On June 17, Greece faces its second national elections in six weeks. Alexis Tsipras, the 37-year-old leader of Syriza who wants to reject the terms of the EU bailout while remaining in the euro, has a serious shot of topping the polls. To some observers, defaulting on debt while staying in the Euro is a contradiction, but there is a clear strategic logic to Tsipras’s position.
Tsipras believes his trump card is that Greece is too big to fail. So, rather than touting a graceful way out of the euro, he wants the prospect of a Greek exit to be as horrific and contagious as possible — an economic cataclysm that would drag everyone else down, as well. Essentially, he is arguing that Greece and Germany exist in a state of Mutual Assured Destruction: Germany will never pull the plug on Greece regardless of what it does because the risk to itself is just too high. And if Tsipras can convince the Greek people of this, they may vote him in — they’d get to have their cake and eat it too.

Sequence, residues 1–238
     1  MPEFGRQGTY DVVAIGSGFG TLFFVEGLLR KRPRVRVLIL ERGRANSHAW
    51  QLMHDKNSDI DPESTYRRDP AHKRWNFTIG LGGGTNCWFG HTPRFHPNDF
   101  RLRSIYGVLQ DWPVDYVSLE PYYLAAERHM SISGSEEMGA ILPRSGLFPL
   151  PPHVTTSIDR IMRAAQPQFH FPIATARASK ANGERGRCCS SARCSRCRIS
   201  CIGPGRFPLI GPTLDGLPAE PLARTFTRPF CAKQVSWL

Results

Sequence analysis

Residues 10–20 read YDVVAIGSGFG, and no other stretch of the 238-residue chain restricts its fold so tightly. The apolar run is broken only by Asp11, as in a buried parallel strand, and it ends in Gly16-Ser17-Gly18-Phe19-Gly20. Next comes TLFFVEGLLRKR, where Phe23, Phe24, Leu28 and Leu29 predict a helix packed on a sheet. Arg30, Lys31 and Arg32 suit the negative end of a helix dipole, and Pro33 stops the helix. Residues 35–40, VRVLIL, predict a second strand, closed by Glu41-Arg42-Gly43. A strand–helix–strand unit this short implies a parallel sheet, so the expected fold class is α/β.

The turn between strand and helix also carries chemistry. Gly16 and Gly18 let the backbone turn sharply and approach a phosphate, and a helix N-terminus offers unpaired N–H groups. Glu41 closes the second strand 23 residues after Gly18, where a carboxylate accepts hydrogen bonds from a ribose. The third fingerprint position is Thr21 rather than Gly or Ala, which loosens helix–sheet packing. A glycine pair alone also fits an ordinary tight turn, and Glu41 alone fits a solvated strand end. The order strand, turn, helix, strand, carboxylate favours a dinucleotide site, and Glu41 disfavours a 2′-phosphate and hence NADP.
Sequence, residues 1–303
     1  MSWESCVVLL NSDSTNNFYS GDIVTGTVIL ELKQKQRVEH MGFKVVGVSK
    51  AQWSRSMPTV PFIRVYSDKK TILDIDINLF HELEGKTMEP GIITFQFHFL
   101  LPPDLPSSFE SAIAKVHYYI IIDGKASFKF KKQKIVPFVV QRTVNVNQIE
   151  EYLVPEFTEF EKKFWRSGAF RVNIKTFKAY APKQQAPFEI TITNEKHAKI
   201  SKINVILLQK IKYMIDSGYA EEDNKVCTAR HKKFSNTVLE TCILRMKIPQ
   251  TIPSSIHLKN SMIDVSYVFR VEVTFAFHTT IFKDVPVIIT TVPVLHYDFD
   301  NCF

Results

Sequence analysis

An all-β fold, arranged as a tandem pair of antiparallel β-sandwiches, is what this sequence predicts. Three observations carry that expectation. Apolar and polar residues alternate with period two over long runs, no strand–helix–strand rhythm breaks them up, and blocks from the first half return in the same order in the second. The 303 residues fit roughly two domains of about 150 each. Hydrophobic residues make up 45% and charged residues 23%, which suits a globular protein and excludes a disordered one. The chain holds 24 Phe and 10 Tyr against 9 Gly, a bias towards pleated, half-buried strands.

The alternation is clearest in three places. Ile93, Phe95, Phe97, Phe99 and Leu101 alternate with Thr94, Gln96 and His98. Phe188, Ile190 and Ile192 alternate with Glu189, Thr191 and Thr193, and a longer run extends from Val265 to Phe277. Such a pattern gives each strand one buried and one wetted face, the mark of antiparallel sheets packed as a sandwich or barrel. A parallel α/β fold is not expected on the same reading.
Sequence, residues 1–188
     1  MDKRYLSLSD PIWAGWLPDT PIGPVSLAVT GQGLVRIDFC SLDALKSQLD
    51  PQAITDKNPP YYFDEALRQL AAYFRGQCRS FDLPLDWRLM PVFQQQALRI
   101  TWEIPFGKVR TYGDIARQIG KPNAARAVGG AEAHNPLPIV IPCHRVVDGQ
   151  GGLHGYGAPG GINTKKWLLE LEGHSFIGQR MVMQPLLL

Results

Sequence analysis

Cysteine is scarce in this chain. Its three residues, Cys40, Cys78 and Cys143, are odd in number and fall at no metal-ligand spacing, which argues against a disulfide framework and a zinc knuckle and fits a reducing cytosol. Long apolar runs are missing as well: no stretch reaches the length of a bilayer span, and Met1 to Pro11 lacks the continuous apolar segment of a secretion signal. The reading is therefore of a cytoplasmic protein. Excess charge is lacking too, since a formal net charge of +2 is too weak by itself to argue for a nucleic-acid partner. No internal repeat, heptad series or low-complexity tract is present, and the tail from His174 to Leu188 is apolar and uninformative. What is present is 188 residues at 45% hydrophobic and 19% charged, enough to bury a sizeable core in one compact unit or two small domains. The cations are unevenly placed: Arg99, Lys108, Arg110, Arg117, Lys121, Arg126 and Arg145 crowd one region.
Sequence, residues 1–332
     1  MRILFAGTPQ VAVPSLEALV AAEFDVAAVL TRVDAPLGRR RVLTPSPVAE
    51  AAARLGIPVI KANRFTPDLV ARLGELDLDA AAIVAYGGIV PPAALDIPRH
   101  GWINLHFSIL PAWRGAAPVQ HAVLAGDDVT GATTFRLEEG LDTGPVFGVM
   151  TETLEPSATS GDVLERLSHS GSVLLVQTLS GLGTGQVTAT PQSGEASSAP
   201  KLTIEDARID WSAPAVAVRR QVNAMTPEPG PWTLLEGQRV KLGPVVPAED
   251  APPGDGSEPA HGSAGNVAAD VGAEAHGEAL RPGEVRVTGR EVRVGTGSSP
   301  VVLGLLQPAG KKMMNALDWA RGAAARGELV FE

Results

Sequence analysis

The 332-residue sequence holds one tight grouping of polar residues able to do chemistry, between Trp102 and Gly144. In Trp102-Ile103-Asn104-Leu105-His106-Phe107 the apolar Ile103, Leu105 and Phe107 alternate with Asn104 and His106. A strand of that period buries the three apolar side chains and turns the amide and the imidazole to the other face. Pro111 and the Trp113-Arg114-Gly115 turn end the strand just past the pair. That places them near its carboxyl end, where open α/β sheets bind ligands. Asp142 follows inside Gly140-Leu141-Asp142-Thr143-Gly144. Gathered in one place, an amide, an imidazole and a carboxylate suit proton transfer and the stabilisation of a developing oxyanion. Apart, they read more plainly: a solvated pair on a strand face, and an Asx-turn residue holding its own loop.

[Macron] is not part of a left wing league in the West. He doesn't want to be called left wing, nor right wing. [And his roster of ministers suggests] this is actually a grand coalition of the center-left and center-right. Nothing like anything we've seen before. It's not a fake socialist or a fake conservative party, it's new.